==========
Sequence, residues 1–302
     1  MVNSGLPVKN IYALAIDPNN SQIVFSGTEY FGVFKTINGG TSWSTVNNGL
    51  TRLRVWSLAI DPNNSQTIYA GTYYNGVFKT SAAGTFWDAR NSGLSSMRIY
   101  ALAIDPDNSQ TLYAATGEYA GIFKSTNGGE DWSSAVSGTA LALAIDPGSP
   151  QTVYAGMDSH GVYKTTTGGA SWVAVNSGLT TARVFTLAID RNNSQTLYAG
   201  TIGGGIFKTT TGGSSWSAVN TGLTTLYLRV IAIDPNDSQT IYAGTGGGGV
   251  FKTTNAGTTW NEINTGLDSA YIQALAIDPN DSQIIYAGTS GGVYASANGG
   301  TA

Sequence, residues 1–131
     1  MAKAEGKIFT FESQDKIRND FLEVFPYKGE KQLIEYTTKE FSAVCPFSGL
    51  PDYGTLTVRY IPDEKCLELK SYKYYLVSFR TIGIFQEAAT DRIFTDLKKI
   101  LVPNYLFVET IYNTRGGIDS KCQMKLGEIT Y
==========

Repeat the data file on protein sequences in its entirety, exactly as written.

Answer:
Sequence, residues 1–302
     1  MVNSGLPVKN IYALAIDPNN SQIVFSGTEY FGVFKTINGG TSWSTVNNGL
    51  TRLRVWSLAI DPNNSQTIYA GTYYNGVFKT SAAGTFWDAR NSGLSSMRIY
   101  ALAIDPDNSQ TLYAATGEYA GIFKSTNGGE DWSSAVSGTA LALAIDPGSP
   151  QTVYAGMDSH GVYKTTTGGA SWVAVNSGLT TARVFTLAID RNNSQTLYAG
   201  TIGGGIFKTT TGGSSWSAVN TGLTTLYLRV IAIDPNDSQT IYAGTGGGGV
   251  FKTTNAGTTW NEINTGLDSA YIQALAIDPN DSQIIYAGTS GGVYASANGG
   301  TA

Sequence, residues 1–131
     1  MAKAEGKIFT FESQDKIRND FLEVFPYKGE KQLIEYTTKE FSAVCPFSGL
    51  PDYGTLTVRY IPDEKCLELK SYKYYLVSFR TIGIFQEAAT DRIFTDLKKI
   101  LVPNYLFVET IYNTRGGIDS KCQMKLGEIT Y